A Road Map to Mexico's Tastiest Authentic Dishes

A Road Map to Mexico's Tastiest Authentic Dishes

These Mexico hot spots offer delicious introductions to the nation’s diverse cuisine, including mole, cochinita pibil and more By: Mark Chesnut
<p>“Sopa de lima” (chicken soup made with lime juice) is a traditional soup found in Yucatan. // © 2016 Mexico Tourism Board</p><p>Feature image...

“Sopa de lima” (chicken soup made with lime juice) is a traditional soup found in Yucatan. // © 2016 Mexico Tourism Board

Feature image (above): Ceviche is a popular dish at Ramona restaurant at Nizuc Resort & Spa. // © 2016 Nizuc Resort & Spa

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Meson Sacristia de la Compania

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Mexican cuisine is easy to find in many parts of the world; the fact that it was named to UNESCO’s list of Intangible Cultural Heritage of Humanity in 2010 attests to its popularity and importance on a global level. But to get the real flavors, in all their complexity and creativity, you’ve got to go to Mexico, where culinary creations can satisfy every palate and budget.

Mexico is a large country, and every region has its specialties. In Acapulco, a regular favorite is “pozole,” a hearty hominy stew that is the preferred dish on traditional menus in the state of Guerrero, especially on “Jueves pozolero” — literally, “pozole Thursday.” Many hotels and restaurants showcase this satisfying creation during the weekly occurrence.

Oaxaca, Puebla and Tlaxcala
The states of Oaxaca, Puebla and Tlaxcala all claim to be the birthplace of “mole,” a category of sauces used in many dishes. In Oaxaca, foodies savor variations including green mole, which is made with fresh herbs, green tomatoes and chili peppers and served with meat at local restaurants including Los Pacos, Las Quince Letras and Catedral. Mole is also featured in two signature dishes at Manta Raya Hotel, a stylish, seven-room boutique hotel on Oaxaca’s Pacific coast. 

The highest-profile mole with travelers from the U.S., however, is likely “mole poblano,” which hails from the state of Puebla and is sometimes made with more than 30 different ingredients (including chocolate). The sauce can be enjoyed at Puebla restaurants such as Hotel Boutique Casa Reyna, El Mural de los Poblanos and La Casita Poblana. Visitors can also learn how to prepare it at Meson Sacristia de la Compania, a boutique hotel in Puebla that offers cooking classes.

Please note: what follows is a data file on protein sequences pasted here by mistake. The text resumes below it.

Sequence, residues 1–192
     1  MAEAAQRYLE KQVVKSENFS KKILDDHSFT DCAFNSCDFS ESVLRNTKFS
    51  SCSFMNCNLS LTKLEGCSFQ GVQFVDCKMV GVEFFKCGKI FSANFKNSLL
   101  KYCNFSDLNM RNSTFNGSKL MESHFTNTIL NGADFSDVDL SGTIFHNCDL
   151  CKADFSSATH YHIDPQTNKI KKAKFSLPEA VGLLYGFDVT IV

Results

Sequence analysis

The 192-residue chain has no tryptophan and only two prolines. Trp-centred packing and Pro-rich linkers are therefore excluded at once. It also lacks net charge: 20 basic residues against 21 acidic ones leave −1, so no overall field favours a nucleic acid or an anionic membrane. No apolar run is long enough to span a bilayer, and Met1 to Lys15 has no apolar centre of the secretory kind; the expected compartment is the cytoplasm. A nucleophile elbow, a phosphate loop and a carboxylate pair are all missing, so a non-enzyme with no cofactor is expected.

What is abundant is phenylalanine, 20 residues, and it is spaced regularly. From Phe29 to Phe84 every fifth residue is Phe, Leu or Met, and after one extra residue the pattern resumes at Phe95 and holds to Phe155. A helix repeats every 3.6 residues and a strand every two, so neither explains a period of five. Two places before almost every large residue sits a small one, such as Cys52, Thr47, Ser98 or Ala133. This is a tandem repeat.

Day trips are also a good way to connect clients with authentic regional cuisine. From Mazatlan, located in the state of Sinaloa, it’s just 35 minutes to El Quelite, a tiny town where popular restaurant El Meson de los Laureanos offers specialties such as “chilorio” (shredded pork in adobo), “machaca” (dried, shredded beef) and “pozole Sinaloense” (a local variation on hominy stew). Considering that Mazatlan is one of the nation’s largest port cities, it’s no surprise that shrimp is another must-try specialty, and it’s easy to find venues with creatively presented options, including the aptly named Shrimp Bucket restaurant. 

Yucatan Peninsula
The Yucatan Peninsula — which encompasses the states of Yucatan, Campeche and Quintana Roo, home to Cancun and the Riviera Maya — specializes in cuisine with Maya, Spanish, Caribbean and even Middle Eastern influences. Among the tasty choices available in the area is “cochinita pibil,” a baked pork dish that is marinated with achiote (seeds from a bush of the same name) and sour orange and wrapped in a banana leaf. Also popular are “panuchos,” which are corn tortillas stuffed with fried beans and served with crumbled turkey, lettuce, cucumber, tomato, onion and avocado. These dishes are among the specialties in restaurants such as La Tradicion and La Chaya Maya, both in the city of Merida. Travelers can also unlock the secrets of Yucatecan cuisine at Los Dos, a cooking school that offers classes in English. 

At Grand Velas Riviera Maya, Chaka restaurant features a menu inspired by what it calls the four pillars of Mayan cooking: achiote, citrus, habanero peppers and smoke. The venue’s appetizers include empanadas filled with pork, Oaxacan cheese and tomato sauce, as well as “sopa de lima,” a chicken soup made with lime juice. Main courses include grouper marinated in achiote and spices, as well as “pollo pibil,” a variation on cochinita pibil made with chicken. 

Many hotels serve gourmet versions of traditional Mexican dishes, with influences from multiple regions. In Mexico City, InterContinental Presidente Mexico City in the Polanco neighborhood is home to Chapulin, an upscale restaurant that blends trendsetting techniques with traditional cuisine under the guidance of chef Josefina Lopez Mendez. Signature dishes include pork and carrot tacos and ceviche with shrimp and watermelon. 

La Joya, a Mexican restaurant at Grand Fiesta Americana Coral Beach Cancun, serves a variety of pan-regional options, including chicken smothered in Oaxacan mole sauce, Gulf of Mexico shrimp prepared in a spicy diablo sauce and Mexican-style beef barbecue, a popular dish from the north. Ramona restaurant at Nizuc Resort & Spa, meanwhile, serves “mole de olla,” a broth-based soup of chili and spices prepared by chef Bladimar Garcia that is based on his own family’s traditional recipe. The region’s seafood is the focus of Garcia’s Trilogy of Ceviche Ramona, which makes good use of shrimp with coconut and mint, lobster in coriander sauce and crispy octopus. 

This year, Grand Hyatt Playa del Carmen Resort introduced new meal plans to offer guests more ways to enjoy Mexican-Caribbean cuisine. The meal plans — available for three meals per day, lunch and dinner only or just for dinner — provide inclusive pricing for menus that include Yucatecan cochinita and other local favorites. 

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